Beyond Times New Roman: Let’s talk about fonts

  • David Jonathan Ross Contributed photo—

  • A font created by David Jonathan Ross called "fortune." Contributed photo—

Recorder Staff
Sunday, December 10, 2017

CONWAY — Creating new fonts isn’t exactly the same as reinventing the wheel, but it’s pretty close.

“How do you find a new take? Finding a fresh approach is super tricky,” said David Jonathan Ross, a professional typeface designer who lives on South Deerfield Road, talking over coffee recently at Baker’s Country Store.

Most of his ideas come from everyday life — street signs, advertisements, manhole covers. Other designs come from reviving old fonts that’ve fallen out of use. These days, as computers become increasingly prevalent, typeface is used more than ever because people no longer write by hand.

“The power of type is putting personality back into the hand that wrote it,” Ross said.

Font creation is a lifestyle for Ross, a Hampshire College graduate with a degree in humanities, originally from Los Angeles. He became interested in fonts during senior year of college, and now attends font conferences, runs his own “font foundry” full-time from djr.com, operates a blog and posts a “font of the month,” plus, freelances for various font businesses. While in Los Angeles with his life partner, Emily Richardson, they created Retro Script L.A. (retroscriptla.com), a blog documenting script on buildings throughout the city.

“God bless the internet for bringing nerdy people into one place together,” Ross joked, noting there’s another font designer in Franklin County, Eben Sorkin.

There are tens of thousands of font families out there. And each font style is composed, by hand sketches and a computer, of between 500 and 600 individual characters — upper and lowercase, symbols, numbers, punctuation, etc. But the average Microsoft Word user doesn’t know many more than Times New Roman, Comic Sans, and Helvetica.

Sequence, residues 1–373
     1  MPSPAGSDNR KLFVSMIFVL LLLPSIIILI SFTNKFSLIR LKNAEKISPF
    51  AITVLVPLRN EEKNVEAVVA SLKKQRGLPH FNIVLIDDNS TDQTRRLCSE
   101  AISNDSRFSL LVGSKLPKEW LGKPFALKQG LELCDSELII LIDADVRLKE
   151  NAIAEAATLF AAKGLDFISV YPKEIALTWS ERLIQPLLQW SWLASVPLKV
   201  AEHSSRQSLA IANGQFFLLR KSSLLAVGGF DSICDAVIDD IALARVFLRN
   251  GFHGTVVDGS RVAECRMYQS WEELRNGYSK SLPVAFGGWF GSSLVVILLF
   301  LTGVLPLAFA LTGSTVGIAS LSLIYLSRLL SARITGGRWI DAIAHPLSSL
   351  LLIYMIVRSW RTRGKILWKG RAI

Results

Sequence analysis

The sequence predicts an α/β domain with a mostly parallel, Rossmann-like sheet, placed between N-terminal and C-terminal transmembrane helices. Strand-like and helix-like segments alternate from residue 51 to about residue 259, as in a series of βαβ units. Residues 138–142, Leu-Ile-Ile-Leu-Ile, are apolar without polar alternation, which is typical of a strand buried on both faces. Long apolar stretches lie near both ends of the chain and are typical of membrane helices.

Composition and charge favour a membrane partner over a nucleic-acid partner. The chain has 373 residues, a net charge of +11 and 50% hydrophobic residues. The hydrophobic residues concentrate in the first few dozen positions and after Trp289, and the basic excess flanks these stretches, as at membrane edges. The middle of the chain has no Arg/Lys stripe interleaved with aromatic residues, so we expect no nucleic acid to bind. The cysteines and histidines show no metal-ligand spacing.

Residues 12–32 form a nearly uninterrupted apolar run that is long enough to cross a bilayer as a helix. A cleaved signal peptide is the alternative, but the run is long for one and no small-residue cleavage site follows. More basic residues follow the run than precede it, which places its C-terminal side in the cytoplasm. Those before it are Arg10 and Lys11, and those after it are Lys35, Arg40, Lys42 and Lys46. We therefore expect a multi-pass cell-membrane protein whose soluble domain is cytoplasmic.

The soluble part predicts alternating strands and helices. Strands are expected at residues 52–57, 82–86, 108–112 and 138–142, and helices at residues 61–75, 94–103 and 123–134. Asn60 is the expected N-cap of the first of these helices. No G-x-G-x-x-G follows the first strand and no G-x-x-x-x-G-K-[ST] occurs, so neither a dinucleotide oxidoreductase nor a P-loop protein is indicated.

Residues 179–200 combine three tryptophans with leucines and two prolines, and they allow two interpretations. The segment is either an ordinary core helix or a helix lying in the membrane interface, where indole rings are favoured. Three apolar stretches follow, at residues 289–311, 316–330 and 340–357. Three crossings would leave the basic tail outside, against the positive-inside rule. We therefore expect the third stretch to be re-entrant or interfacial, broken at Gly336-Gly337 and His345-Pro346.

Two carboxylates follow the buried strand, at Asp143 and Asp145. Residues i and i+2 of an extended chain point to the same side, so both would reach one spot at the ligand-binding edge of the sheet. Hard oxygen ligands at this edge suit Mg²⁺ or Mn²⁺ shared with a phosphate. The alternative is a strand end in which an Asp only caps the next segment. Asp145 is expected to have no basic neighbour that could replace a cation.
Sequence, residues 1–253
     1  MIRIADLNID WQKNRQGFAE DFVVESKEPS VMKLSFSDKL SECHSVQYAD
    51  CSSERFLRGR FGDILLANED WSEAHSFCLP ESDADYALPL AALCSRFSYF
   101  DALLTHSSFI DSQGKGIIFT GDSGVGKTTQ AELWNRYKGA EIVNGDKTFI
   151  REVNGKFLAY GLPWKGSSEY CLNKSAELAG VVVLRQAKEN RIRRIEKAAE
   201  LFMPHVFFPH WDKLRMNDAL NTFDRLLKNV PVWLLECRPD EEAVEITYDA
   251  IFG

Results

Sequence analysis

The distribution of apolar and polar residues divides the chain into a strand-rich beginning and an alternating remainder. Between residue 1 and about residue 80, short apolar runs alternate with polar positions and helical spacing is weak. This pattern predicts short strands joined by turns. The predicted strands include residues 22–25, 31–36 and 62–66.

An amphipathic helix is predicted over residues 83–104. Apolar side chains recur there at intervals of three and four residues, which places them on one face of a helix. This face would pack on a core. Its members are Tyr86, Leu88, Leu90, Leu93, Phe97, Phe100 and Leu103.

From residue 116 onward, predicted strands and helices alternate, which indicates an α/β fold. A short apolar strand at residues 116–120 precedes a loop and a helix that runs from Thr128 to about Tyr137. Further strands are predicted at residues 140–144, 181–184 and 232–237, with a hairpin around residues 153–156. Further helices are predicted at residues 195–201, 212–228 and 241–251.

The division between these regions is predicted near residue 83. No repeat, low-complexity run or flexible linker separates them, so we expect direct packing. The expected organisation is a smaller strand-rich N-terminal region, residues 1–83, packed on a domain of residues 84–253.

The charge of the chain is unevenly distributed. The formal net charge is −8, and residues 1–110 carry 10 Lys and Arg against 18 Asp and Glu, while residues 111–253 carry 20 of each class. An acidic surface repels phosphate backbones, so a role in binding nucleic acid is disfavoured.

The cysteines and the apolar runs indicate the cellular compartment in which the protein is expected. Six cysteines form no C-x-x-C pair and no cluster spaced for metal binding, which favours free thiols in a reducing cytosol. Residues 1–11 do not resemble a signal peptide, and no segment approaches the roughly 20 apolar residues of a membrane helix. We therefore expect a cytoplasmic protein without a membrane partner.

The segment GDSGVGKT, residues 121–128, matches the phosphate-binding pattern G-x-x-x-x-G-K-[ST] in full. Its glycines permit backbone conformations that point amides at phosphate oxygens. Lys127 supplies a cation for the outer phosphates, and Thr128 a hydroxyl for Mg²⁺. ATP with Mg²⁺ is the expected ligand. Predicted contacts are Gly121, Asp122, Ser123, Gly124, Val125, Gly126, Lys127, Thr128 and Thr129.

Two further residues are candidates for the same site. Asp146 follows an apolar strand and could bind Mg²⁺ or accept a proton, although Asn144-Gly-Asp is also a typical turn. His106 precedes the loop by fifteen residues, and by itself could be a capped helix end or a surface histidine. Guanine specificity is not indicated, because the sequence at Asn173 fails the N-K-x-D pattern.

“Once you get into it, there’s all this terminology. It’s a wall that keeps people from learning about fonts,” Ross said. “I actually made a font for computer programmers, just to take two nerdy things and smash them together.”

Used well, fonts can be a powerful communications tool. As a local example of a business that uses fonts well, Ross noted the logo for Adams Donuts, which projects a retro vibe by utilizing simple letters.

What makes a good font?

Choosing a good font is a nuanced practice. Good font usage shouldn’t be noticed, or should be noticed in a subconscious way. On the other hand, poor font use is always noticed.

“Yes. It can get very bad. When your average reader is noticing things in a bad way, that’s wrong,” Ross said. “A lot of bad typography is choosing a font and using it in a way it’s not intended to be used.”

Ross compared fonts to a pair of shoes. For example, selecting a pair of dress shoes wouldn’t be suitable for an outdoor hike. But they would be acceptable to attend a wedding. Neither shoe is necessarily bad.

“There are people who are naturally good at things. But it’s also very learnable — using type well,” he said. While there isn’t a formula to finding a good font, there are some noticeable guidelines such as a typeface’s alignment, contrast, repetition and complexity. All fonts are built for functional and aesthetic purposes.

A more complex font, such as a serif (like Times New Roman), might not be as easy to read as a sans-serif (such as Helvetica). However, it might look better for a headline or logo. If used in the wrong way, he says, a simple font might come across as boring.

“Different styles have evolved into different connotations. Is this actually comfortable to read? And does this style match what I’m trying to communicate?” Ross said.

As practical advice, Ross encouraged everyone to expand their font repertoire beyond what’s common.

“There is more out there than what’s on your font menu. As long as your font menu is, there’s a whole world beyond it,” Ross said.

You can reach Andy Castillo

at: acastillo@recorder.com

or 413-772-0261, ext. 263

On Twitter: @AndyCCastillo